Insecure Direct Object Reference Prevention Cheat Sheet

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Last revision (mm/dd/yy): 01/14/2018


Insecure Direct Object Reference (called IDOR from here) occurs when a application exposes a reference to an internal implementation object. Using this way, it reveals the real identifier and format/pattern used of the element in the storage backend side. The most common example of it (altrough is not limited to this one) is a record identifier in a storage system (database, filesystem and so on).

IDOR is referenced in element A4 of the OWASP Top 10 in the 2013 edition.


IDOR do not bring a direct security issue because, by itself, it reveals only the format/pattern used for the object identifier. IDOR bring, depending on the format/pattern in place, a capacity for the attacker to mount a enumeration attack in order to try to probe access to the associated objects.

Enumeration attack can be described in the way in which the attacker build a collection of valid identifiers using the disovered format/pattern and test them against the application.

For example:

Imagine an HR application exposing a service accepting employee ID in order to return the employee information and for which the format/pattern of the employee ID is the following:


Based on this, an attacker can build a collection of valid ID from EMP-00000 to EMP-99999.

To be exploited, an IDOR issue must be combined with an Access Control issue because it's the Access Control issue that "allow" the attacker to access to the object for which he have guessed the identifier through is enumeration attack.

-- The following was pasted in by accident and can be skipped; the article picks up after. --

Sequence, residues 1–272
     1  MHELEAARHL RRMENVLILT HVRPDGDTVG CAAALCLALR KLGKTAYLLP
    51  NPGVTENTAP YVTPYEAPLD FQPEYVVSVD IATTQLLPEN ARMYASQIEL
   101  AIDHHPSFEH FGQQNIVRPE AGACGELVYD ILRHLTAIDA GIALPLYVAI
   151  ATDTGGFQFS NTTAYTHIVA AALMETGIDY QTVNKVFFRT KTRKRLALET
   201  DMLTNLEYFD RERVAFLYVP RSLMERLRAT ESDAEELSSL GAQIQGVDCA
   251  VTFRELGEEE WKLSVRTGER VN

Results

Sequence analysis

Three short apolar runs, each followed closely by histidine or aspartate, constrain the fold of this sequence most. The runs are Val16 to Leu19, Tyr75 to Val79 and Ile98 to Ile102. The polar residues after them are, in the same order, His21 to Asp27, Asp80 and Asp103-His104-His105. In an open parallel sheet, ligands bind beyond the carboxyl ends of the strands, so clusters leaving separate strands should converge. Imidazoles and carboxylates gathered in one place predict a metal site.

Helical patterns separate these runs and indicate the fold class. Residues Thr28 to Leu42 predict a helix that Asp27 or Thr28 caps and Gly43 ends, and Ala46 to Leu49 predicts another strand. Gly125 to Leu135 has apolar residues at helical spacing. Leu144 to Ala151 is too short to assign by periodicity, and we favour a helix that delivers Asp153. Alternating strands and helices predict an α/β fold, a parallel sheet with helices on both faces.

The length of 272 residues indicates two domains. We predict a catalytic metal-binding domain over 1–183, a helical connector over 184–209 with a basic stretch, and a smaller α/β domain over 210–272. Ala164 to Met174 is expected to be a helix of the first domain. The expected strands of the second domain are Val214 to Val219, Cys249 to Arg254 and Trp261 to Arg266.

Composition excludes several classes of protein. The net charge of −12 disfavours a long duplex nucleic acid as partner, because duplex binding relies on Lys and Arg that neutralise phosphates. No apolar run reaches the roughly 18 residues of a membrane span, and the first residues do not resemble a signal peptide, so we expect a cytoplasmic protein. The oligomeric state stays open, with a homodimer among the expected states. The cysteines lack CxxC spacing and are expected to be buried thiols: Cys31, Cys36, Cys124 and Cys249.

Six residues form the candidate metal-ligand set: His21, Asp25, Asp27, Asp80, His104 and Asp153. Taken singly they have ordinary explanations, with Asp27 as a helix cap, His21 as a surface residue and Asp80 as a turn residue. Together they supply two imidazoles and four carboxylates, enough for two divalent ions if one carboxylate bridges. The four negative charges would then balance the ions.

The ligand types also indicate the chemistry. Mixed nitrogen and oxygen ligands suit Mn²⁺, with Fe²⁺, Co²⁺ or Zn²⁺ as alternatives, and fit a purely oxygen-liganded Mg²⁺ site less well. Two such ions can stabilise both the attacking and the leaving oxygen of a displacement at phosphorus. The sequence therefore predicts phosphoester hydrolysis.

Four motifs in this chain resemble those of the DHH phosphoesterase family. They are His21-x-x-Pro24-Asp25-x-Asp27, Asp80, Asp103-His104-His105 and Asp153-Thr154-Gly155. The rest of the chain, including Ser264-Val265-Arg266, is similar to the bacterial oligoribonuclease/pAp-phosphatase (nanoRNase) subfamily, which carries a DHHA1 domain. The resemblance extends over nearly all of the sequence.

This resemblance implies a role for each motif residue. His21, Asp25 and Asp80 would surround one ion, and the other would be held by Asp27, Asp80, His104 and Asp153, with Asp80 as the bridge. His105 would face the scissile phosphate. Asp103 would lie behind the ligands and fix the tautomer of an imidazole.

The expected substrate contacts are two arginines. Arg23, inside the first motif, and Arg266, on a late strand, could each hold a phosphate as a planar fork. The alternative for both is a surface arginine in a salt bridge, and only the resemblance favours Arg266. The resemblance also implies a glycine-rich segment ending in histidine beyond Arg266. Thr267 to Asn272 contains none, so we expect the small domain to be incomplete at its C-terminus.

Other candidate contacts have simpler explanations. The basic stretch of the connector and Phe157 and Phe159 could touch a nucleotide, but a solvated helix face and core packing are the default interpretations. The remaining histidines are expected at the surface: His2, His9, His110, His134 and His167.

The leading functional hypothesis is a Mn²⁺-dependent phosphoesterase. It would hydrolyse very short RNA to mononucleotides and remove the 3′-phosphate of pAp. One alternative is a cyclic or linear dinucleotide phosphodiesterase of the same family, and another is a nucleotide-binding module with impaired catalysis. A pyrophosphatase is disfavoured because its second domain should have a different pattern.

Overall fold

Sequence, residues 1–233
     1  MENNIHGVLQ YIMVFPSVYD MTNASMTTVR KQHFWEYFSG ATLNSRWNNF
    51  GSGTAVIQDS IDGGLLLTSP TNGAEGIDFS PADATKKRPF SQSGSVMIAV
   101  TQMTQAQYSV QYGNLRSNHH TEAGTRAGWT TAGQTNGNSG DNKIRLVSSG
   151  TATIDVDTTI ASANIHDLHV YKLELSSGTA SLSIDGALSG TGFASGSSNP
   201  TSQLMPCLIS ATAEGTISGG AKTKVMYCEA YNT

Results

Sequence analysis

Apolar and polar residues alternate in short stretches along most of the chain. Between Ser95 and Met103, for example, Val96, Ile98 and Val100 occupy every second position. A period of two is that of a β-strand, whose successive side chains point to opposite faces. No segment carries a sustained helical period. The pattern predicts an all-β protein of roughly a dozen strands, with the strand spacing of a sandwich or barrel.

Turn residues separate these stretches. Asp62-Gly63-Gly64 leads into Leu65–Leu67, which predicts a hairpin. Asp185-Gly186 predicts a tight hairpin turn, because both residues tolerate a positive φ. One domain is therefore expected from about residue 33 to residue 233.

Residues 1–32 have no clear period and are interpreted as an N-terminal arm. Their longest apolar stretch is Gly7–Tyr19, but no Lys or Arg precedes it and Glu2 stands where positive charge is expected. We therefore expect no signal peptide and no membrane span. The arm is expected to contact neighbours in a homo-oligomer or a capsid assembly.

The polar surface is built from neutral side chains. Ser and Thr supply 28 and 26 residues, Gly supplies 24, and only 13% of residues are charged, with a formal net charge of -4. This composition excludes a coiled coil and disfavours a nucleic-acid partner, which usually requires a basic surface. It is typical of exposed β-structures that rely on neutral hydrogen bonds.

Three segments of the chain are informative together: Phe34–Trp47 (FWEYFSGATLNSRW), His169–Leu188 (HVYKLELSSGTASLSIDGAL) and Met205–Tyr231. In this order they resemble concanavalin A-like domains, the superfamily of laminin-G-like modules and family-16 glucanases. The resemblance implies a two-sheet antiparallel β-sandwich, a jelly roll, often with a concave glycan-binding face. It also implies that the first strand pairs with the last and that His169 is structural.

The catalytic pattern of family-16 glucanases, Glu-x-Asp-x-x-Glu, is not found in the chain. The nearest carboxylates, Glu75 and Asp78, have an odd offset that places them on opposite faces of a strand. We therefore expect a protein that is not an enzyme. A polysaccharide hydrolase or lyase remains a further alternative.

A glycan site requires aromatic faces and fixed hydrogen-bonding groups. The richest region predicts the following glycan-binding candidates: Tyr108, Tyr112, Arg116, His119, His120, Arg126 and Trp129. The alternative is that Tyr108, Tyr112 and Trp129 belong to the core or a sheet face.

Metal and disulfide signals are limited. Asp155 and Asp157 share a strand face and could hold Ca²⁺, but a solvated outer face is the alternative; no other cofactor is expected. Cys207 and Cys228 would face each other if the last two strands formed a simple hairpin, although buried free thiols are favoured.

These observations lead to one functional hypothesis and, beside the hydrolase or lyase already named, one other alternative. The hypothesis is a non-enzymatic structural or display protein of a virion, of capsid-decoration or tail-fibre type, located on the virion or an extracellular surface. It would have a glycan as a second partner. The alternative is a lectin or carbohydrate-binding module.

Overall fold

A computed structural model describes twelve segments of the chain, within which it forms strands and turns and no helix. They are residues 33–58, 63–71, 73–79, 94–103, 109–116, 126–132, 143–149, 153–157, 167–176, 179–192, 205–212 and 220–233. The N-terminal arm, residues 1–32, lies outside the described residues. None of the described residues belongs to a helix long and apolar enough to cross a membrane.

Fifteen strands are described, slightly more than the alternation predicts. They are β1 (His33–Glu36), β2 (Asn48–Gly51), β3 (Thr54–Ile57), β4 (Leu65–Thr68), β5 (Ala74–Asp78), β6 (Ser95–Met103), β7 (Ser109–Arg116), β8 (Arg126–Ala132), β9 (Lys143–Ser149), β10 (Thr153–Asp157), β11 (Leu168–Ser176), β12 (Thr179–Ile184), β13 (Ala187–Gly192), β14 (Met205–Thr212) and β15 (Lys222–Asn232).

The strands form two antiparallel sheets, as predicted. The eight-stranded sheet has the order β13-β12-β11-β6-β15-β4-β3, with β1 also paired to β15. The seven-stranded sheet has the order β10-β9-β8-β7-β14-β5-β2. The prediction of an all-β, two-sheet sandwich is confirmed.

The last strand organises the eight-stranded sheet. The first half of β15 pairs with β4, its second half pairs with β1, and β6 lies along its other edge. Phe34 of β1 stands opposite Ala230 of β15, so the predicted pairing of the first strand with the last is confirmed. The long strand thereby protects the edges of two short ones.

Additional remarks

From Jeff Williams:

Direct Object Reference is fundamentally a Access Control problem. We split it out to emphasize the difference between URL access control and data layer access control. You can’t do anything about the data-layer problems with URL access control. And they’re not really input validation problems either. But we see DOR manipulation all the time. If we list only “Messed-up from the Floor-up Access Control” then people will probably only put in SiteMinder or JEE declarative access control on URLs and call it a day. That’s what we’re trying to avoid.

From Eric Sheridan:

An object reference map is first populated with a list of authorized values which are temporarily stored in the session. When the user requests a field (ex: color=654321), the application does a lookup in this map from the session to determine the appropriate column name. If the value does not exist in this limited map, the user is not authorized. Reference maps should not be global (i.e. include every possible value), they are temporary maps/dictionaries that are only ever populated with authorized values.

"A direct object reference occurs when a developer exposes a reference to an internal implementation object, such as a file, directory, database record, or key, as a URL or form parameter."